Na was second in the field on approach to start the week and played to field average off the tee, which is a plus for a short hitter like him. He was able to put together a 6-under opening round despite not having anything great with the best club in his bag, the putter.
I expect we will see that flatstick heat up at times this weekend, and if he can maintain the ball striking he is a player who knows how to win. We get an added bonus that his entry to this field came by virtue of another win in Hawaii, and at +2900 on FanDuel heading into the second round, he becomes an interesting option.
The player who was the best in the field on approach to start the week at the TOC was not someone you would usually expect. Branden Grace outpaced the rest of this elite field, gaining 3.56 shots on approach, which was a full shot better than every other player. He had seven birdie putts inside of 10 feet on the day, but his issue was an inability to convert on those opportunities.
Grace lost 1.89 strokes to the field with his putter, which was the third worst of the day. Still, he is 4-under going into Friday, and just four shots back of the lead and one shot from the top 10. I am not expecting him to be able to pull off a win in this type of field, though it wouldn’t cost you much to sprinkle the +13000 currently available on DraftKings and he has contended at times on the weekend in Major Championships. Instead, my target will be for him to move into the top 10 at +500 on BetMGM.
3 Golfers to Fade in Round 2
The first player that jumps off the page for a fade is the first round leader, Cameron Smith. He put together a great round, which included dropping two eagle putts of 44 and 37 feet, respectively. Those putts were a big reason for his 3.43 strokes gained on the greens on Thursday, which was the best in the field and will be tough to sustain the rest of the way.
While the Australian was the best of the 38 players in putting, he ranked just 22nd in strokes gained approach, losing strokes to the field in that metric. The Plantation Course at Kapalua is one where you can hit a high percentage of greens, but if players are not hitting the right sections of the putting surface it will leave them with tough putts the rest of the way.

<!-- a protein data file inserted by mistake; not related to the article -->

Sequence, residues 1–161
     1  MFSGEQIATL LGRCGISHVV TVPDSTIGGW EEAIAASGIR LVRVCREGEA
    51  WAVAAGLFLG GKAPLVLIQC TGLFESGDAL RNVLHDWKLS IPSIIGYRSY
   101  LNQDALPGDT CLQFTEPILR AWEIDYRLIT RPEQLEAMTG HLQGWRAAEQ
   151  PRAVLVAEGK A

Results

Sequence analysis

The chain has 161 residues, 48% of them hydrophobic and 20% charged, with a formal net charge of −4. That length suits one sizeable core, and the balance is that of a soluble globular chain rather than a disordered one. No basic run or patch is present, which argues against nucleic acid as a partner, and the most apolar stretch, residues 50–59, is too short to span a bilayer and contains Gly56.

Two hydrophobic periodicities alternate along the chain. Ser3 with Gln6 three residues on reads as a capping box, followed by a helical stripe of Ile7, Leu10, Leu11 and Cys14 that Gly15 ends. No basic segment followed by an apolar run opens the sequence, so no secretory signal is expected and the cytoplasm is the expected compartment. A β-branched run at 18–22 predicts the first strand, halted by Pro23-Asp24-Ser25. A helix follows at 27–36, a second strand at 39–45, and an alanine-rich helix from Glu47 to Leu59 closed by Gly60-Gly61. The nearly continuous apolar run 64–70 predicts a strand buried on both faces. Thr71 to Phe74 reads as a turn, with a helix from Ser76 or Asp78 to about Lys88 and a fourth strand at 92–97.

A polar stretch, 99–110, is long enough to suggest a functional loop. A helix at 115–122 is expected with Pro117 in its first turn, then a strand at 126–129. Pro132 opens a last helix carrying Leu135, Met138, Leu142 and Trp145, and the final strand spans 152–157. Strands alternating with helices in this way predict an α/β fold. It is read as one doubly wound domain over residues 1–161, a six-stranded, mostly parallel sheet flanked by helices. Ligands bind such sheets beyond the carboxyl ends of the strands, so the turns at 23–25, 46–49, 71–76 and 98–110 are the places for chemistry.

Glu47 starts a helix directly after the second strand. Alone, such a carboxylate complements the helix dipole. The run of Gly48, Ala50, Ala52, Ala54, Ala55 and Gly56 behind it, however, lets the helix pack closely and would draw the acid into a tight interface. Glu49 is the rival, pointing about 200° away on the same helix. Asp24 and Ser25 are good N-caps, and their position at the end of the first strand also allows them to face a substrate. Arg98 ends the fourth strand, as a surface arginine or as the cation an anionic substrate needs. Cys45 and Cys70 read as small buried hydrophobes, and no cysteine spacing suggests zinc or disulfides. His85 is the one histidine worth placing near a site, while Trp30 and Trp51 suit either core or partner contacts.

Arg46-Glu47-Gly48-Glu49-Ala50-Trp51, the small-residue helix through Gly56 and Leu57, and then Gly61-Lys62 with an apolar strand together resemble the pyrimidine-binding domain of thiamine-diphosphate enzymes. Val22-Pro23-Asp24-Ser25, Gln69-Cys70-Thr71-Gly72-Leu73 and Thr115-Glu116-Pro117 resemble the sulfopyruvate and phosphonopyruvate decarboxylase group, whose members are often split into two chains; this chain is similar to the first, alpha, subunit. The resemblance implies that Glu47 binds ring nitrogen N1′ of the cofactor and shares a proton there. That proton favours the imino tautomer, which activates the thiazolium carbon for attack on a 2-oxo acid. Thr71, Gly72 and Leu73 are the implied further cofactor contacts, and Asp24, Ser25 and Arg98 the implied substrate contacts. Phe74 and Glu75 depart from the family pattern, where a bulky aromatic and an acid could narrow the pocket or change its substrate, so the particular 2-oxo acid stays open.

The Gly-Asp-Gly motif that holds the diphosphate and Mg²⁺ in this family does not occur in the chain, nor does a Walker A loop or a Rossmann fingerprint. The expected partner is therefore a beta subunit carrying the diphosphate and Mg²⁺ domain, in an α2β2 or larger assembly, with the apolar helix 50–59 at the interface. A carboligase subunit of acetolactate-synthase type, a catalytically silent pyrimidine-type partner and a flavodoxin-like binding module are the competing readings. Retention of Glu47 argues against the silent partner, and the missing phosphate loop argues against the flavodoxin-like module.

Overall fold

Smith found a way to roll in some of those putts on Thursday, but it’s clear he didn’t have his best ball striking game. He mentioned after the round being unsure of what to expect because of all of his time off, and I think the data shows that it may catch up him the rest of the way.
One of my favorite guys to chase, especially in DFS, the past two years is Erik van Rooyen. I have followed him quite a bit and experienced the many highs and lows that he typically has during a given round. EVR was able to keep it all on the good side on Thursday as he posted a bogey-free round of 6-under 67. It may be that he has turned the corner for consistency, but I am going to let him prove it to me on Friday.
The South African was the third-best player in the field both on approach and in Strokes Gained Tee to Green in the first round, so this fade isn’t one based on numbers. I am taking him as a fade on my gut feel for him as a player and the expectation that his odds and DFS ownership may be inflated due to the first 18 holes.
Much of the lead-up into the week was talking about a new focus and approach to preparation for Brooks Koepka. While his 4-under round looks good on the scoreboard, his statistics tell a very different story.
Koepka did nearly all of his good work on and around the greens. He lost more than two strokes to the small field with his ball striking, including 1.55 shots lost off the tee. He coupled his driving struggles with additional issues on approach. I am going to stay away from Koepka until I have some tangible data that shows me anything heading in the right direction, especially on a course where he has historically struggled.